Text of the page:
Healthcare Reform: The Families First Prescription Drug Act
"Prescription drug prices are out of control. [Drug companies] contribute massive amounts of money to political people. But I have to tell you: I'm not interested in their money. I don't need their money.”
- President Donald Trump
I don’t need drug companies’ money either, and even if I did, I wouldn’t take it. Because I want to restore competitiveness to our system, and not use regulation to protect big corporations.
Americans paid $609 for a box of EpiPens while a family in England paid $70. During the last few years, the cost of insulin in the U.S. rose 300%, and retail prices for 268 of the most common brand name drugs increased 130 times the rate of inflation.
Bottom line: We pay more for prescription drugs than families in every developed country.
Even worse, a quarter of Americans report they are unable to take their medication as prescribed because they cannot afford the cost, and twenty-nine million Americans have no prescription drug coverage at all.
We’re overcharged, plain and simple, which is why the same industry that makes our medicine is the most profitable in America. That’s messed up.
I have a plan to fix this. It’s called the Families First Prescription Drug Act.
But first, I need to give you some important background.
Drug companies accomplish these anti-competitive practices through two deliberate means:
Restrict competition by preventing new products from entering the market.
Conceal price information, making it impossible for patients and doctors to discuss cost-effective alternatives.
To pull this off, the pharmaceutical industry needed a partner, which explains why they contribute more to Congress than any other industry, and give that money to 95 of our 100 senators!
Of those 95 U.S. senators, John Barrasso received the fourth-highest amount. Our senator, representing a small rural state run on agriculture and mining, raked in more money from Big Pharma than nearly every other senator in America.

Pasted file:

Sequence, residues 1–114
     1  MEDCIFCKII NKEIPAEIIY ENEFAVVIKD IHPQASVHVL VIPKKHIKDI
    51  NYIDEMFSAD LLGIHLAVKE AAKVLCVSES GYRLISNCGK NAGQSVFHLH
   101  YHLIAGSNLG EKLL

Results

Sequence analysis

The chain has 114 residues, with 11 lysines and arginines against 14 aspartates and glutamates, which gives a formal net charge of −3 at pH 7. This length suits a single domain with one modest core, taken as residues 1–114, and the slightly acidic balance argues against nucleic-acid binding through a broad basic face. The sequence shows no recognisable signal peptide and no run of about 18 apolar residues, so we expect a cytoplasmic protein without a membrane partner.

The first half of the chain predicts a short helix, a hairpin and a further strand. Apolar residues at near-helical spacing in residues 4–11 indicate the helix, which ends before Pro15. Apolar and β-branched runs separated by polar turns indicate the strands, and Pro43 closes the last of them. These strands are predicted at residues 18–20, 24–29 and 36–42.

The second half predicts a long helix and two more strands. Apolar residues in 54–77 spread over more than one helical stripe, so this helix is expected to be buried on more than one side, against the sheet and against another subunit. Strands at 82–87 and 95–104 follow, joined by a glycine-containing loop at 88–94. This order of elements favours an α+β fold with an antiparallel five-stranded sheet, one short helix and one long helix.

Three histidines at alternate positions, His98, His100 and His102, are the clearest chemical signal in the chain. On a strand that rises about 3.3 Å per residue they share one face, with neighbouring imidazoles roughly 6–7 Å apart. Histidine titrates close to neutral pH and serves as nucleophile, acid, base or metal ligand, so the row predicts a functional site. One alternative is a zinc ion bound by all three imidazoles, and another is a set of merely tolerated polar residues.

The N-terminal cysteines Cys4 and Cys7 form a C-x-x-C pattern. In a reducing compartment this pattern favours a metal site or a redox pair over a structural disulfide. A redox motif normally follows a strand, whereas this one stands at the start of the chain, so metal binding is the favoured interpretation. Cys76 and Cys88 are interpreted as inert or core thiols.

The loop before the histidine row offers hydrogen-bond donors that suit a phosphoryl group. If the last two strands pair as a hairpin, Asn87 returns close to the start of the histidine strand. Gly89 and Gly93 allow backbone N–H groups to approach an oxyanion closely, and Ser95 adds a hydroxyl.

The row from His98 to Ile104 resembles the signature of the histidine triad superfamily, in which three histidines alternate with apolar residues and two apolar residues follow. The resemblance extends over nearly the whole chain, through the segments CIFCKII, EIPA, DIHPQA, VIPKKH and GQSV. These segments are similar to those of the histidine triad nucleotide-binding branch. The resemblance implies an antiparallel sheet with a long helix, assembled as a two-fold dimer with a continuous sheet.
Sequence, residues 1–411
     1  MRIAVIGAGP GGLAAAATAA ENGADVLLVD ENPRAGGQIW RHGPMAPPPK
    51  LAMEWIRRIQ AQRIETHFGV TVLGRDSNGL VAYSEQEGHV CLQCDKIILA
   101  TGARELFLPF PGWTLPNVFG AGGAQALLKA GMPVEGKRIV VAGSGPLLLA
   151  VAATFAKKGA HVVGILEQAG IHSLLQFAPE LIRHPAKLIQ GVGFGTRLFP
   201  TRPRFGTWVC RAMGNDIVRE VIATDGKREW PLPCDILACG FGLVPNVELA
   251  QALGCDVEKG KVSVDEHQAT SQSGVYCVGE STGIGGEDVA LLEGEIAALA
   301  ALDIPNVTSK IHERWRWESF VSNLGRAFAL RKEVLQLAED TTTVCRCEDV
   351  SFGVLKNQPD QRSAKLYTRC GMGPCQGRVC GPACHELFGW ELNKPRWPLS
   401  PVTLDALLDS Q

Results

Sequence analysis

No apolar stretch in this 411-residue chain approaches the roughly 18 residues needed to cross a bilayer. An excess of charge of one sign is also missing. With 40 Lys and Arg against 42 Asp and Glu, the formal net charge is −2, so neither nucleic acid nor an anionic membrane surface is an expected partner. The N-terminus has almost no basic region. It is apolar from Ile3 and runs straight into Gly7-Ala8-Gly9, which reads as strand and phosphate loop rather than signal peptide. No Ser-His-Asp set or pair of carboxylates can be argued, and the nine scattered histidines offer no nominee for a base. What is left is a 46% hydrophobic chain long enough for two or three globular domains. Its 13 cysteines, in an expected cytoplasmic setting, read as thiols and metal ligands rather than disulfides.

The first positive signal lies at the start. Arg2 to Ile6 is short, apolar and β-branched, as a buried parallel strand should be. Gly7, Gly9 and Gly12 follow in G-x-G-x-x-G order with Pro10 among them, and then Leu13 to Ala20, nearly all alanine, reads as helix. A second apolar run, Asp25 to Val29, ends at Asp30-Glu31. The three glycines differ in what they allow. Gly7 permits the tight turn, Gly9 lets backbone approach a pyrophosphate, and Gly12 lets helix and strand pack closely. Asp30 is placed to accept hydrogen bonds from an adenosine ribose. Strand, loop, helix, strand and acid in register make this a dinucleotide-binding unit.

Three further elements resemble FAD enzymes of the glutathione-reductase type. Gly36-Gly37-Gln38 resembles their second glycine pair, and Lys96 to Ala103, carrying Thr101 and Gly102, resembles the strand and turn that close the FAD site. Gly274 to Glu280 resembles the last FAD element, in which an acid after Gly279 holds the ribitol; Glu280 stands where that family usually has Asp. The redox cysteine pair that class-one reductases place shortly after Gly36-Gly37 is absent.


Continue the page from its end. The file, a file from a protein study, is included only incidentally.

Big Pharma couldn’t care less about Wyoming’s public lands, the shape of our roads, or the future of wind or coal. They send money to John Barrasso to influence his vote.
And they’ve gotten great return on their investment, by getting congress to go along with anti-free market regulations:
We are the only developed country whose government is not permitted to negotiate drug prices! Medicare is required by Congress to pay whatever price a drug company charges.
Big Pharma can pay off competitors not to enter the market. “Pay-for-Delay,” in clear violation of normal antitrust laws, artificially inflates the prices we pay for medicine.
Drug companies make changes that offer no therapeutic advantage (e.g. changing the coating of the pill) to start the patent clock over again and keep competitors out of their markets (“Product Hopping”).
Drug companies routinely refuse to provide generic competitors with sufficient samples of their product, blocking generics from creating a competitive product.
Congress prevents government agencies from researching and communicating information to our doctors about the cost effectiveness of different drug alternatives.
These and other practices are approved by our Congress in return for a bag full of money—raising the price of our medicine, inflating profits, and lining the pockets of politicians’ campaigns.
We Republicans worship free enterprise with good reason. This country’s never seen a greater anti-trust crusader than GOP President Teddy Roosevelt. But today our bought-and-paid-for Congress has allowed an illegal web of monopolistic practices to cost Wyoming families thousands of dollars each year, while harming the health of our children and elderly parents.
Within my first six months in office, I will Put Wyoming First by introducing The Families First Prescription Drug Act ending the anti-competitive practices of the pharmaceutical industry. My plan would:
Forbid pharmaceutical and healthcare employees from contributing to any federal candidate or candidate’s “Super PAC.” Because of the conflict of interest, restrictions like Rule G-37 prevent certain parties that do business with our government from making political donations. This principle should apply to the pharmaceutical and healthcare services industries, where the federal government is the largest purchaser of their products.